Applets - lev' 2


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A Detailed Discription of Applet Programing

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Applets - lev' 2

  1. 1. A Simple Applet
  2. 2. <ul><li>Rakesh T </li></ul><ul><li>S1 MCA </li></ul><ul><li>Vidya Academy Of </li></ul><ul><li>Science And Technology </li></ul>
  3. 3. Applets and applications <ul><li>An applet is a Java program that runs on a web page </li></ul><ul><ul><li>Applets can be run from: </li></ul></ul><ul><ul><ul><li>Internet Explorer </li></ul></ul></ul><ul><ul><ul><li>Netscape Navigator (sometimes) </li></ul></ul></ul><ul><ul><ul><li>appletviewer </li></ul></ul></ul><ul><li>An application is a Java program that runs all by itself </li></ul>
  4. 4. Packages and classes <ul><li>Java supplies a huge library of pre-written “code,” ready for you to use in your programs </li></ul><ul><li>Code is organized into classes </li></ul><ul><li>Classes are grouped into packages </li></ul><ul><li>One way to use this code is to import it </li></ul><ul><li>You can import a single class, or all the classes in a package </li></ul>
  5. 5. The Applet class <ul><li>To create an applet, you must import the Applet class </li></ul><ul><ul><li>This class is in the java.applet package </li></ul></ul><ul><li>The Applet class contains code that works with a browser to create a display window </li></ul><ul><li>Capitalization matters! </li></ul><ul><ul><li>applet and Applet are different names </li></ul></ul>
  6. 6. Importing the Applet class <ul><li>Here is the directive that you need: </li></ul><ul><ul><li>import java.applet.Applet; </li></ul></ul><ul><li>import is a keyword </li></ul><ul><li>java.applet is the name of the package </li></ul><ul><li>A dot ( . ) separates the package from the class </li></ul><ul><li>Applet is the name of the class </li></ul><ul><li>There is a semicolon ( ; ) at the end </li></ul>
  7. 7. The java.awt package <ul><li>“ awt” stands for “Abstract Window Toolkit” </li></ul><ul><li>The java.awt package includes classes for: </li></ul><ul><ul><li>Drawing lines and shapes </li></ul></ul><ul><ul><li>Drawing letters </li></ul></ul><ul><ul><li>Setting colors </li></ul></ul><ul><ul><li>Choosing fonts </li></ul></ul><ul><li>If it’s drawn on the screen, then java.awt is probably involved! </li></ul>
  8. 8. Importing the java.awt package <ul><li>Since you may want to use many classes from the java.awt package, simply import them all: </li></ul><ul><ul><li>import java.awt.*; </li></ul></ul><ul><li>The asterisk, or star ( * ), means “all classes” </li></ul><ul><li>The import directives can go in any order, but must be the first lines in your program </li></ul>
  9. 9. C and C++ programmers only <ul><li>C and C++ have an #include directive that copies a library function into your program </li></ul><ul><li>This makes your program bigger </li></ul><ul><li>Java’s import gives you access to the library </li></ul><ul><li>It does not make your program bigger </li></ul><ul><li>It’s OK to use lots of include directives! </li></ul>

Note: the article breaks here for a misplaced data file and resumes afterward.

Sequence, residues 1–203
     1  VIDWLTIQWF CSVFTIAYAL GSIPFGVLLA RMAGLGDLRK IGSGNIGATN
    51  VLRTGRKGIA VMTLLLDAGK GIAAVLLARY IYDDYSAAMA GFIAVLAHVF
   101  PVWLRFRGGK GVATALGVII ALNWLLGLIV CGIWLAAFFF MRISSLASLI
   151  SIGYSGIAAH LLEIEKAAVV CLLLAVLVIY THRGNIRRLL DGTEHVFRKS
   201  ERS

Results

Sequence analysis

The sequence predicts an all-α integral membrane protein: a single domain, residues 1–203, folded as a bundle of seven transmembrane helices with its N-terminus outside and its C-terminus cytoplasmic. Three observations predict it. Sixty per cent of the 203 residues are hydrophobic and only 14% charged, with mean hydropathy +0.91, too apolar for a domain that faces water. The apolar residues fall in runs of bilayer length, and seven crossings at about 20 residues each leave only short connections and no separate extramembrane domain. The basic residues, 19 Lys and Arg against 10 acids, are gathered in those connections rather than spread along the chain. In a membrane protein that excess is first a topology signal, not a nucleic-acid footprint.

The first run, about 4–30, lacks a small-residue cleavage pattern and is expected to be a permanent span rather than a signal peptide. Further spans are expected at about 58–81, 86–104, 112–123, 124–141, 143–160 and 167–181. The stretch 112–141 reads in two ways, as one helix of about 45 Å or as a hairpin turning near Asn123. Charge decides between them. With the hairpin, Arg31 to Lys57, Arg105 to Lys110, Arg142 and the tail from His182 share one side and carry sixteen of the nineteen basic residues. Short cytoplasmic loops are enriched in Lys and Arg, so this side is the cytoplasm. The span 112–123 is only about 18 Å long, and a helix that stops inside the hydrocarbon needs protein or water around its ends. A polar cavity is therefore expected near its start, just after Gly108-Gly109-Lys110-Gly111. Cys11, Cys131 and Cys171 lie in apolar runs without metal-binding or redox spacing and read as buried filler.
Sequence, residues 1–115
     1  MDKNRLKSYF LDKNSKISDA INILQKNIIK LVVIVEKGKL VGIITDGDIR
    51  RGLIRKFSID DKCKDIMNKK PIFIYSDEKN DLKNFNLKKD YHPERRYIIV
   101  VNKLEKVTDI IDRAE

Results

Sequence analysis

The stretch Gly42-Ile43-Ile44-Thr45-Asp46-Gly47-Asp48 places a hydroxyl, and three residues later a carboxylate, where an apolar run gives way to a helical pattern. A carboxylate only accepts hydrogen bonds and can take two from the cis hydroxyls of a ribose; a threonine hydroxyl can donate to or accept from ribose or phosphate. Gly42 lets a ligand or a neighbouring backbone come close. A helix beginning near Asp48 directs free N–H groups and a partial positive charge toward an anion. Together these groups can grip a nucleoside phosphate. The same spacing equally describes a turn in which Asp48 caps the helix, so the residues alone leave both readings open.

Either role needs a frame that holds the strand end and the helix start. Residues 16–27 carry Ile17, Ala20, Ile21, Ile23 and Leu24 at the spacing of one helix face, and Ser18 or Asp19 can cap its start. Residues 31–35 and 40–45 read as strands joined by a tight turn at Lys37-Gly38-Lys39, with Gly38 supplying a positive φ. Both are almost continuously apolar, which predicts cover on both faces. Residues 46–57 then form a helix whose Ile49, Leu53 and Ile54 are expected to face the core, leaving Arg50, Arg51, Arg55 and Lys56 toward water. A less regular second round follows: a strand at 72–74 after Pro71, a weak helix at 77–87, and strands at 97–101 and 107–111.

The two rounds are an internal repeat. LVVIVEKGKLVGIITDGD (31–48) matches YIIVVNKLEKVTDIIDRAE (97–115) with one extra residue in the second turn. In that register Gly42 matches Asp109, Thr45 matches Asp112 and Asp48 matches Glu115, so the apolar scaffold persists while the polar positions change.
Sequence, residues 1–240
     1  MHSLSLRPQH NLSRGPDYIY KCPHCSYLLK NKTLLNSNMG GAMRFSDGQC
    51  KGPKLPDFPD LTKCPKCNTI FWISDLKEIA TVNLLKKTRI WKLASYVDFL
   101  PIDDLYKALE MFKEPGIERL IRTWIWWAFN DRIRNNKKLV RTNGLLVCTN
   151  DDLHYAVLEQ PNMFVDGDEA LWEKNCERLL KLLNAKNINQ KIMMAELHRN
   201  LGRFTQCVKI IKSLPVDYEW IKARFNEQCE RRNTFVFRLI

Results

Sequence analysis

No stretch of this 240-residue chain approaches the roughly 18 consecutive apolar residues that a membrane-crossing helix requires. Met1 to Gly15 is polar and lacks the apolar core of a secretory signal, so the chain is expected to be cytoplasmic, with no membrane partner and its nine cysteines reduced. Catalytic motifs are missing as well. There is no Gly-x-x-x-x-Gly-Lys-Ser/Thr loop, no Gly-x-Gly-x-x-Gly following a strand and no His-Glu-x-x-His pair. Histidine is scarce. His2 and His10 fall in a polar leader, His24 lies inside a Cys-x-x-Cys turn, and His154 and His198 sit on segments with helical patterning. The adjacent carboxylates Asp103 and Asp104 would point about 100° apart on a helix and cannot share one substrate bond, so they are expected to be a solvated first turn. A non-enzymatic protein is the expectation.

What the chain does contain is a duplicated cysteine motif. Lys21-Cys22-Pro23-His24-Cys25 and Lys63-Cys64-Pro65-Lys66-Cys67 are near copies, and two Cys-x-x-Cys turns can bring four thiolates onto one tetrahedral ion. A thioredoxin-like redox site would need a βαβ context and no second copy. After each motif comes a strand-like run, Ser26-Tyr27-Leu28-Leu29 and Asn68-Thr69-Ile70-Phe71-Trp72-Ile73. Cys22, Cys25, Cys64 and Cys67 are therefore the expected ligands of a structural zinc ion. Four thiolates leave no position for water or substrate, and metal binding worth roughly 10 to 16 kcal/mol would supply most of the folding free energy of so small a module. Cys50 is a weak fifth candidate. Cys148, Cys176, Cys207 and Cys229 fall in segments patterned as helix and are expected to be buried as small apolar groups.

10. 10. The applet so far import java.applet.Applet; import java.awt.*;
  11. 11. Comments <ul><li>A comment adds information for the reader </li></ul><ul><li>Java ignores everything inside comments </li></ul><ul><li>There are three kinds of comments: </li></ul><ul><ul><li>// starts a comment that goes to the end of the line </li></ul></ul><ul><ul><li>/* starts a comment that can extend over many lines, and ends at */ </li></ul></ul><ul><ul><li>/** is a “javadoc” comment that can be extracted from your program and used in documentation */ </li></ul></ul>
  12. 12. Classes <ul><li>In Java, all code occurs in classes </li></ul><ul><ul><li>Except for the package and import directives </li></ul></ul><ul><ul><li>We will talk about package some day </li></ul></ul><ul><li>The code that you import is in classes </li></ul><ul><li>Your code will also be in classes </li></ul><ul><li>For now, a class is a bundle of code </li></ul><ul><ul><li>We will talk about what it really is very soon </li></ul></ul>
  13. 13. Your first class <ul><li>public class Drawing extends Applet { …the code for your class goes in here… } </li></ul><ul><li>public says your class is not hidden </li></ul><ul><ul><li>This makes your class visible to BlueJ </li></ul></ul><ul><ul><li>We will talk later about why we hide code </li></ul></ul><ul><li>class says we are making a class (Duh!) </li></ul>
  14. 14. Your first class, part 2 <ul><li>public class Drawing extends Applet { … } </li></ul><ul><li>Drawing is the name of your class </li></ul><ul><ul><li>Class names should always be capitalized </li></ul></ul><ul><li>extends Applet says that our Drawing is a kind of Applet , but with added capabilities </li></ul><ul><ul><li>Java’s Applet just makes an empty window </li></ul></ul><ul><ul><li>We are going to draw in that window </li></ul></ul>
  15. 15. Your first class, part 3 <ul><li>public class Drawing extends Applet { …the code for your class goes in here… } </li></ul><ul><li>The braces, { } , mark the beginning and ending of your code </li></ul>
  16. 16. The applet so far import java.applet.Applet; import java.awt.*; // CIT 591 example public class Drawing extends Applet { … we still need to put some code in here... }
  17. 17. Methods <ul><li>A method is a group of commands that tell the computer to do something </li></ul><ul><ul><li>C programmers: methods are similar to functions </li></ul></ul><ul><li>A method takes information in, does something with it, and returns a result </li></ul><ul><ul><li>The input information is called the method’s parameters , or arguments </li></ul></ul><ul><ul><li>The result is just called a result </li></ul></ul>